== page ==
3. Superior orbital rim approach for anterior communicating artery aneurysms: a surgical series of 27 patients.

    OpenAIRE

    Jeon, Byung Chan; Chen, Si-Yuan; Zheng, Yong-Ri; Cho, Yong-Woon; Kwon, Ki-Young

    2003-01-01

    There are debatable claims in the optimal approach for clipping of the anterior communicating artery (AcomA) aneurysm. The authors invented the superior orbital rim approach (SORA) as an alternative and minimally invasive approach for the treatment of AcomA aneurysm. The authors reviewed retrospectively all the medical records of 27 patients of subarachnoid hemorrhage due to ruptured AcomA aneurysm. who were admitted to Kosin University Gospel Hospital for last 2 yr. Fourteen women (51.9%) an...

  4. PRAGMA-ENT: Exposing SDN Concepts to Domain Scientists in the Pacific Rim

    OpenAIRE

    Ichikawa, Kohei; Tsugawa, Mauricio; Haga, Jason; Yamanaka, Hiroaki; Liu, Te-Lung; Kido, Yoshiyuki; U-Chupala, Pongsakorn; Huang, Che; Nakasan, Chawanat; Chang, Jo-Yu; Ku, Li-Chi; Tsai, Whey-Fone; Date, Susumu; Shimojo, Shinji; Papadopoulos, Philip

    2015-01-01

    The Pacific Rim Application and Grid Middleware Assembly (PRAGMA) is an international community of researchers that actively collaborate to address problems and challenges of common interest in eScience. The PRAGMA Experimental Network Testbed (PRAGMA-ENT) was established with the goal of constructing an international software-defined network (SDN) testbed to offer the necessary networking support to the PRAGMA cyberinfrastructure. PRAGMA-ENT is isolated, and PRAGMA research...

  5. Determinants and structural development of FDI in Pacific-Rim developing countries

    OpenAIRE

    Agarwal, Jamuna Prasad

    1989-01-01

    The movements of foreign direct investment (FDI) in the recent past are marked by a relatively very high growth in the Pacific Rim (PR) countries (Australia, Brunei, China, Hongkong, Japan, Indonesia, Malaysia, Papua New Guinea, New Zealand, Philippines, Singapore, Taiwan, Thailand). The developing countries of this area were able to raise considerably their share of the total world outflows in the first half of this decade (Table Al) . In the following analysis an attempt is made to work out...

  6. Numerical calculation of bending fatigue life of thin-rim spur gears

    OpenAIRE

    Kramberger, Janez; Šraml, Matjaž; Potr?, Iztok; Flašker, Jože

    2012-01-01

    Mechanical elements subjected to cyclic loading have to be designed against fatigue. The main goal of the presented analysis was to determine the the bending fatigue life prediction of thin rim spur gears. The service life is divided into the initiation phase of the damage accumulation and the crack growth, resprcitively. The analysis has been performed usig FEM and BEM. The continuum mechanics approach is used for the prediction of the fatigue life initiation phase, where the basic fatigue m...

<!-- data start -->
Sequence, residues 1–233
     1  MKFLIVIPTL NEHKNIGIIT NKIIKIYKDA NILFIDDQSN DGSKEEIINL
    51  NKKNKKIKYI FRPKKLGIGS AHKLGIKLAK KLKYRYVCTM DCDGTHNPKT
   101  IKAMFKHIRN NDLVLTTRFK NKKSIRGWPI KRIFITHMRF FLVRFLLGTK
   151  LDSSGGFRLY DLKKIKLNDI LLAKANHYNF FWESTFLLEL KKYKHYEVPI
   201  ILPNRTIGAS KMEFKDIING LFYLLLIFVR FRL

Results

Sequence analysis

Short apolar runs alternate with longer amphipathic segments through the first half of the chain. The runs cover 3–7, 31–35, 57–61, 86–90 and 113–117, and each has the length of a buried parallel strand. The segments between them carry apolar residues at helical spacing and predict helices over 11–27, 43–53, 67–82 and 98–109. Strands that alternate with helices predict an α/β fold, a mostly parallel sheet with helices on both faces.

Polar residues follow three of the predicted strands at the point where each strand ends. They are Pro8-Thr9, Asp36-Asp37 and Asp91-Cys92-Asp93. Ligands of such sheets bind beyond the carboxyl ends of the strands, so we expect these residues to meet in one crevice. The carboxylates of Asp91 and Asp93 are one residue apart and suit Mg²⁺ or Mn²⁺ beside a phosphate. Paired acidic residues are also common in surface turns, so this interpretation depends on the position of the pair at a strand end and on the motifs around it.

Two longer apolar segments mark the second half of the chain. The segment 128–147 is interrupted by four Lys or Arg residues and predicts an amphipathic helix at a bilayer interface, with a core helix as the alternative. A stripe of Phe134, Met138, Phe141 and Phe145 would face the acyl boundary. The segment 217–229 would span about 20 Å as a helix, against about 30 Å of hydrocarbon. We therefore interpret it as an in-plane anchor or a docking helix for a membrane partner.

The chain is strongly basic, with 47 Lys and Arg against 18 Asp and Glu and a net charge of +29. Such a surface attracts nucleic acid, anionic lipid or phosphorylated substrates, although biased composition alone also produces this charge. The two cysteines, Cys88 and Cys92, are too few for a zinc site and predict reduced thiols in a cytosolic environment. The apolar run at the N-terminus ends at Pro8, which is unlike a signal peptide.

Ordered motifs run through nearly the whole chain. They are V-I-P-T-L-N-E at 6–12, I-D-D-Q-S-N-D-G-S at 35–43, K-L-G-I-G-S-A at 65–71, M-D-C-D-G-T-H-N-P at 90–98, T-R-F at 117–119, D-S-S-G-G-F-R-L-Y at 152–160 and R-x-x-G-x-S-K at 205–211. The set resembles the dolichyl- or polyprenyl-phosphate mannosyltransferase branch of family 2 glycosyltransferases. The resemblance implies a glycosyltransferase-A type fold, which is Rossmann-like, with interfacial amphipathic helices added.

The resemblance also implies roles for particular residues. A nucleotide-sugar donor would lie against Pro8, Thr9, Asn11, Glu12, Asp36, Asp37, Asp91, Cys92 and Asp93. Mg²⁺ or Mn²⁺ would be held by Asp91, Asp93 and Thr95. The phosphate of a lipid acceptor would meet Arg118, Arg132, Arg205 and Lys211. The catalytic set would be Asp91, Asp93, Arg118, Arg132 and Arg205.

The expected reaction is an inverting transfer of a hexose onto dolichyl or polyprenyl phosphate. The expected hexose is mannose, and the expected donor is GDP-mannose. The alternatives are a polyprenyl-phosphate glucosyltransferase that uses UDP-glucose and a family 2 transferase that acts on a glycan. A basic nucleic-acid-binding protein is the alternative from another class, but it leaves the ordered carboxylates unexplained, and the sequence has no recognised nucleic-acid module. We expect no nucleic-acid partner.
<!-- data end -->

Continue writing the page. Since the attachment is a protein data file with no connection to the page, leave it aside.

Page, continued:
7. Cracking of an Aircraft Wheel Rim Made From Al-Alloy 2014-T6

    OpenAIRE

    G. Kosec; G. Kova?i?; J. Hodoli?; Kosec, B.

    2010-01-01

    Generally failures of different aircraft components and parts are revealed and examined by the use of non-destructive examination methods. In further detailed explanation and interpretation of failures optical and scanning electron microscopy are used. This paper deals with a problem of a crack on aircraft wheel rim made from aluminium alloy 2014-T6.The crack was observed during regular control by the maintenance unit for non-destructive examination of the Slovenian air carrier Adria Airways....

  8. Development of a New Resilience Scale: The Resilience in Midlife Scale (RIM Scale)

    OpenAIRE

    Linda Ryan; Marie L. Caltabiano

    2009-01-01

    Resilience, the ability to maintain or regain positive levels of functioning despite adversity, is one of several strengths that can assist people in positive life adaptation. Midlife (35 - 60 years) is a period when individuals need to adapt to several major changes and challenges. However, no scale exists to measure resilience specifically in the midlife population. Therefore, this study develops a new scale to measure resilience in midlife. The RIM scale consists of 25 items, each self-rat...

  9. Oxygen Isotope Measurements of a Rare Murchison Type A CAI and Its Rim

    Science.gov (United States)

    Matzel, J. E. P.; Simon, J. I.; Hutcheon, I. D.; Jacobsen, B.; Simon, S. B.; Grossman, L.

    2013-01-01